Category Archives: Law: Right to Travel

A Georgian Grandmother’s Take on the TSA

A student I know writes,

My grandmother and I have a unique relationship. We talk about the usual family gossip, but we really get into it when we talk about politics. Why is this unique? Because my grandmother is in her eighties and she lives in Tbilisi, Georgia. Having spent my formative years in the U.S., I make sure to tell her of the liberties that I take for granted that she did not have for the majority of her life in Communist Russia. I tell her that I could support any candidate running for office without fear of retribution from the sitting party (or can I?). Unlike her, I don’t have to fear being audited by the KGB if I support the opposing party (or do I?) (OK maybe I am safe from the KGB). Unlike her, I could become a journalist and try to uncover the truth without fear of being investigated for criminal conspiracy (or can I?). Unlike her, I could rely on my government to tell me the truth about what is going on in the world (or can I?). Unlike her, I am protected by the Constitution to say what I want without being punished (or am I?).

My grandmother does not like being told that she is missing out on these basic liberties by not being in the U.S. (or is she?). Recently, my grandmother visited us in the U.S., and then she visited some family in Israel. She told me about her experience at JFK International Airport. She told me how she was patted down. She told me how she had to stand for what felt like hours (Georgians tend to exaggerate) waiting for the honor to be patted down. She told me how strangers rummaged through her bags. She told me how the TSA threw out her water bottle and how she had to buy another one inside the airport for $3 so she can take her medicine. She told me how rude the TSA agents were to her. She told me how hard it was for her to remove her shoes and then she told me how frustrated she was when she found out she did not have to. I tried to tell her that this is the price we all pay to make sure we have a safe society.

She knew I was going to say that. That’s when she told me about her experience flying to the U.S. and flying from Israel back home. She told me that she was treated with respect and sensitivity. She told me that there were no pat downs, no waiting, no shoe drama, no bag drama, and no “administrative” searches and seizures. I told her it sounds like the security at those airports is lacking. She was not having it. She said there have been no terrorist attacks from those airports and she did research (research-really?) and in fact those airports are safer than their U.S. counterparts. I was stumbling. She was just getting warmed up. Then she went for the jugular. She asked me, oh by the way, whose society is really free?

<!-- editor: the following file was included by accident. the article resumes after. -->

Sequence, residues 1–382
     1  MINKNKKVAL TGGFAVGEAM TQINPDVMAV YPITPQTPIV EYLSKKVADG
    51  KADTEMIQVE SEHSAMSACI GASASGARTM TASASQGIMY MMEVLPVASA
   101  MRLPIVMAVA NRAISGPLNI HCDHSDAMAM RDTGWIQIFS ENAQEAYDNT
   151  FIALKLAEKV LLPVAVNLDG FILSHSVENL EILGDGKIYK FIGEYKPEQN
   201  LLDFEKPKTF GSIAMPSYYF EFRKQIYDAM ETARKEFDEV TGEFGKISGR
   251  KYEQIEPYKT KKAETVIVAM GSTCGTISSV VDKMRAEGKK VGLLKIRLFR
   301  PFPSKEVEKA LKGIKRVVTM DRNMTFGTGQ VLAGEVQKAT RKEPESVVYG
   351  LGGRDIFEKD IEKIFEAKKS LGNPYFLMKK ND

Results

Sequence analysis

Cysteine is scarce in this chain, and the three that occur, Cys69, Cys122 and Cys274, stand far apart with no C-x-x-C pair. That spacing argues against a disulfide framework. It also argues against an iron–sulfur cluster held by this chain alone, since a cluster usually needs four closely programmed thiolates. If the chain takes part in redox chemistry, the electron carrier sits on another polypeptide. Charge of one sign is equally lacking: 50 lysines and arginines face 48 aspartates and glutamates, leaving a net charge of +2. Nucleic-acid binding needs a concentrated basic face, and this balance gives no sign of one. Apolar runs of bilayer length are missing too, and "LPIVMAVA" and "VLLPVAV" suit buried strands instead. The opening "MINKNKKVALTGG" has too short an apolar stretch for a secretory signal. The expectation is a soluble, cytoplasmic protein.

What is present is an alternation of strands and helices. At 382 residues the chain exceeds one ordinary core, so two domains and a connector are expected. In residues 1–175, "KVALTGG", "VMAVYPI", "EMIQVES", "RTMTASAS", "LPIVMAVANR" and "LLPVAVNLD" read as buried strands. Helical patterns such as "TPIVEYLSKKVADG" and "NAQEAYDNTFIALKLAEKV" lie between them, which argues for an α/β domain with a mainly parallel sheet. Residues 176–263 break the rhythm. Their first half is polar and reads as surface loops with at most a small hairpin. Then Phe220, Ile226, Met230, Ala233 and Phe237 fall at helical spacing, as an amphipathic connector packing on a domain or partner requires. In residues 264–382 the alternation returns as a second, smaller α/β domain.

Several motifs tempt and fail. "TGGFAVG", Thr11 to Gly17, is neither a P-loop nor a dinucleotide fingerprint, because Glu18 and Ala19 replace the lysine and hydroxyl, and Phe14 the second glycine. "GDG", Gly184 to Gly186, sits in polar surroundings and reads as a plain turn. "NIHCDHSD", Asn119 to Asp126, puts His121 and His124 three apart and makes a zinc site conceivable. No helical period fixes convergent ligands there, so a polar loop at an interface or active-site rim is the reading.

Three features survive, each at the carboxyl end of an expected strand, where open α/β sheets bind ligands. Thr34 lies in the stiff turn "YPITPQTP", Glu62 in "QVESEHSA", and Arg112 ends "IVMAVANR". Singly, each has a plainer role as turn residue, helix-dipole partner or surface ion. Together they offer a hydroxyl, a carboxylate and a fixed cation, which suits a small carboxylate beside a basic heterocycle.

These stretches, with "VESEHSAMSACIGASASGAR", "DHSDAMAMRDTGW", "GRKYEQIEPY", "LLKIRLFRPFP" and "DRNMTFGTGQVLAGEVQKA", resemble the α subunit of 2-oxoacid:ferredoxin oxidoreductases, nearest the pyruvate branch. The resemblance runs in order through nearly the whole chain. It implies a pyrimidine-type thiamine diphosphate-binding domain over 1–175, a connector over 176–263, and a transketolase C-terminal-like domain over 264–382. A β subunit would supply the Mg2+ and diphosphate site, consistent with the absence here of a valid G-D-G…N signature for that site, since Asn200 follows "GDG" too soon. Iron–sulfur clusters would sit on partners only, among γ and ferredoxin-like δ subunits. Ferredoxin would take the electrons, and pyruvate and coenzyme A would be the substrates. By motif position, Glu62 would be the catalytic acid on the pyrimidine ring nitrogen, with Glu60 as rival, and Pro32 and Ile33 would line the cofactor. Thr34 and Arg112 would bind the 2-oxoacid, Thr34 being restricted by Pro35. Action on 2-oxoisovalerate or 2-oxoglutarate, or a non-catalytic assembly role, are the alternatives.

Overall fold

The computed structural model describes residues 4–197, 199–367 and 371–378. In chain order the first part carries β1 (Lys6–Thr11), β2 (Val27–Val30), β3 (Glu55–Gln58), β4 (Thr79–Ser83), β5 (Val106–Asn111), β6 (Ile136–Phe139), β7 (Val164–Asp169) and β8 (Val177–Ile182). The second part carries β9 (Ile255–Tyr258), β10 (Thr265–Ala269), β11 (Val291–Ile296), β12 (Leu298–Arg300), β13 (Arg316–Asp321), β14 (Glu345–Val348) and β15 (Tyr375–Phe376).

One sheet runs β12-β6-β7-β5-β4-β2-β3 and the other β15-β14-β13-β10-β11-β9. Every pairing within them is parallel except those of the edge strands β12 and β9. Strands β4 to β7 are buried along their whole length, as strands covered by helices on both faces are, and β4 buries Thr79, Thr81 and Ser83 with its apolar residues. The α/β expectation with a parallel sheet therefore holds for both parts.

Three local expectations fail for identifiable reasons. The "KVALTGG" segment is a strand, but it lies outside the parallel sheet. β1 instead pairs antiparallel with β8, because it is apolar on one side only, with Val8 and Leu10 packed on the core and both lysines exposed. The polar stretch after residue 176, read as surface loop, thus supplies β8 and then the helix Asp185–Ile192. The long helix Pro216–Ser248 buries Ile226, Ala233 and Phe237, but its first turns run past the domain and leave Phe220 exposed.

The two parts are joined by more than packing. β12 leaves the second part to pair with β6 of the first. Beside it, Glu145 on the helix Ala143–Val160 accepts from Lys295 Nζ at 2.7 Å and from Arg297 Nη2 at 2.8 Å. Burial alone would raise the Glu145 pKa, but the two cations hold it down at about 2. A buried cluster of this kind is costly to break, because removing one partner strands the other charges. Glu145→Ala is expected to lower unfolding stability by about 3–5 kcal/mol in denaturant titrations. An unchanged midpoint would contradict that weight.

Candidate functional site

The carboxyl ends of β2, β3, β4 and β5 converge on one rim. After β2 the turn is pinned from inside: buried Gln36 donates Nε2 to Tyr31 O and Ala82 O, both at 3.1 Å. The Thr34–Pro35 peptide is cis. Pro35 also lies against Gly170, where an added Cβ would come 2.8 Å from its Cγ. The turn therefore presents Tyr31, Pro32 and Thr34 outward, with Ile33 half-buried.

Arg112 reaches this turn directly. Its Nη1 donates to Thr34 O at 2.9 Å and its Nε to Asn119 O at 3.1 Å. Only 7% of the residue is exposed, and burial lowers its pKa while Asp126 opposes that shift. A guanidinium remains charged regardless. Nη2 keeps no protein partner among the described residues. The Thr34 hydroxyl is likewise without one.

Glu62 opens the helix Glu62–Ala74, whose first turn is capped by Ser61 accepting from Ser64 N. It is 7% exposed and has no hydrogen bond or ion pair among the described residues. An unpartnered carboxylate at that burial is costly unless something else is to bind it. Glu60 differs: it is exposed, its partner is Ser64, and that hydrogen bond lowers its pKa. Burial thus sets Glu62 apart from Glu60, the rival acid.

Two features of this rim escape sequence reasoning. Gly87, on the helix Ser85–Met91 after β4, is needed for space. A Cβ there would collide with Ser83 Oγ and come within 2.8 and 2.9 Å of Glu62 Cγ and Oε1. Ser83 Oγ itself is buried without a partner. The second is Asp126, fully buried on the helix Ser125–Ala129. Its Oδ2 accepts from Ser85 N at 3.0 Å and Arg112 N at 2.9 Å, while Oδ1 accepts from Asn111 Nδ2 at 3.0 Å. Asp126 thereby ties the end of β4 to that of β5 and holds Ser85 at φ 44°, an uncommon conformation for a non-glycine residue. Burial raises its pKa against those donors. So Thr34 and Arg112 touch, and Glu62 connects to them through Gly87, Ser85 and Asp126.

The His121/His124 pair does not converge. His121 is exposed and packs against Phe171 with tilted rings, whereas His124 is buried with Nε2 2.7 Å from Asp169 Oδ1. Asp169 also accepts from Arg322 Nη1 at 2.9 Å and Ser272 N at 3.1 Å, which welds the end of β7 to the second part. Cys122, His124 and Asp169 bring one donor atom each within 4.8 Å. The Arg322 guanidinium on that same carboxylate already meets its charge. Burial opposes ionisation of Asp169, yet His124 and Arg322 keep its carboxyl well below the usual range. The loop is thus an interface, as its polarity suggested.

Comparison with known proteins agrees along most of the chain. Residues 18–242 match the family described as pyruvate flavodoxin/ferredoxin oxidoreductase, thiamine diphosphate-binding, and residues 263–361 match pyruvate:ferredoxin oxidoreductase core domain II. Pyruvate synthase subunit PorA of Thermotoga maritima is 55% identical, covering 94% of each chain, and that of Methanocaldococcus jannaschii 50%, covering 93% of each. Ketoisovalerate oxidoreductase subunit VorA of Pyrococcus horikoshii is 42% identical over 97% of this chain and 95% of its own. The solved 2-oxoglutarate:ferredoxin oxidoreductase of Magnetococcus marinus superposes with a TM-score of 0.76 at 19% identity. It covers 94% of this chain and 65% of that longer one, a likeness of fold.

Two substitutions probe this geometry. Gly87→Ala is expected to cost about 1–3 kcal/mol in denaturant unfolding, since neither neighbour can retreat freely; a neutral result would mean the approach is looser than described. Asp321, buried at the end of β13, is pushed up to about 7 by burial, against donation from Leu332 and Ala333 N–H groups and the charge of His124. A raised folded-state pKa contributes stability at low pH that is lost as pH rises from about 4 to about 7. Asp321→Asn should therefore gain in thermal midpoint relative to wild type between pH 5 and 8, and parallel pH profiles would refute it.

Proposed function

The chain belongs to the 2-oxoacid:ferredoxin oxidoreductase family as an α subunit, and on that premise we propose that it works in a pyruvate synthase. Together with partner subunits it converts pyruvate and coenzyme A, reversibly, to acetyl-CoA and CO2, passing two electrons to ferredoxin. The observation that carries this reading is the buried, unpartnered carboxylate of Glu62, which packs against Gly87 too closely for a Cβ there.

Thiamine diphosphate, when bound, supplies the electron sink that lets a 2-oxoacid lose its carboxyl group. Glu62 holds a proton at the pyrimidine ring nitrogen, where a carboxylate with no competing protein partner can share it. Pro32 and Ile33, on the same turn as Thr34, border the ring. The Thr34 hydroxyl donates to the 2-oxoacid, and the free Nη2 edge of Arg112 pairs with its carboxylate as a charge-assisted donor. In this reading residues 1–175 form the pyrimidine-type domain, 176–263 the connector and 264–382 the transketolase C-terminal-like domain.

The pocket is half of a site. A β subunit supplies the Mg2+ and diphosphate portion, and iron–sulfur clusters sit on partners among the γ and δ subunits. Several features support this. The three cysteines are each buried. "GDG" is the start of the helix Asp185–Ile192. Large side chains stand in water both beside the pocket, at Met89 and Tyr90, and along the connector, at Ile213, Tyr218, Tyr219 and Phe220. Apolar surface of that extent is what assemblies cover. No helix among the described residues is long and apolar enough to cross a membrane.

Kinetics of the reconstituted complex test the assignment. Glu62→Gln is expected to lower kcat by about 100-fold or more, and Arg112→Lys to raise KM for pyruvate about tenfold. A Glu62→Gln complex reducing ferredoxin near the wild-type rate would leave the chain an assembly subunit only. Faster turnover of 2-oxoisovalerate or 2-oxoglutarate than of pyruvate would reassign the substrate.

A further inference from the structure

I realized that in Russia the government knows what you have before you get to the airport so there is no reason for the authorities to scrutinize low-risk passengers. In Israel, law enforcement could track people suspected of terrorism and some form of profiling is prevalent at Ben-Gurion Airport so again there is no need to burden the elderly. However, the U.S. does not use as much profiling nor can the authorities track people’s movements without some kind of judicial oversight. This is the upshot of the discrepancy between how my grandmother was treated at the three airports. My grandmother said she agreed with me and she added that she does not mind being tracked or profiled as long as she can have her dignity and her water while she is traveling.

I asked her if I could write about our exchange. She said sure, but she warned me against using my name. (She said I could use hers, but it’s probably not a good idea because that’s too easy to track. I better listen to her — she has more experience with this stuff.)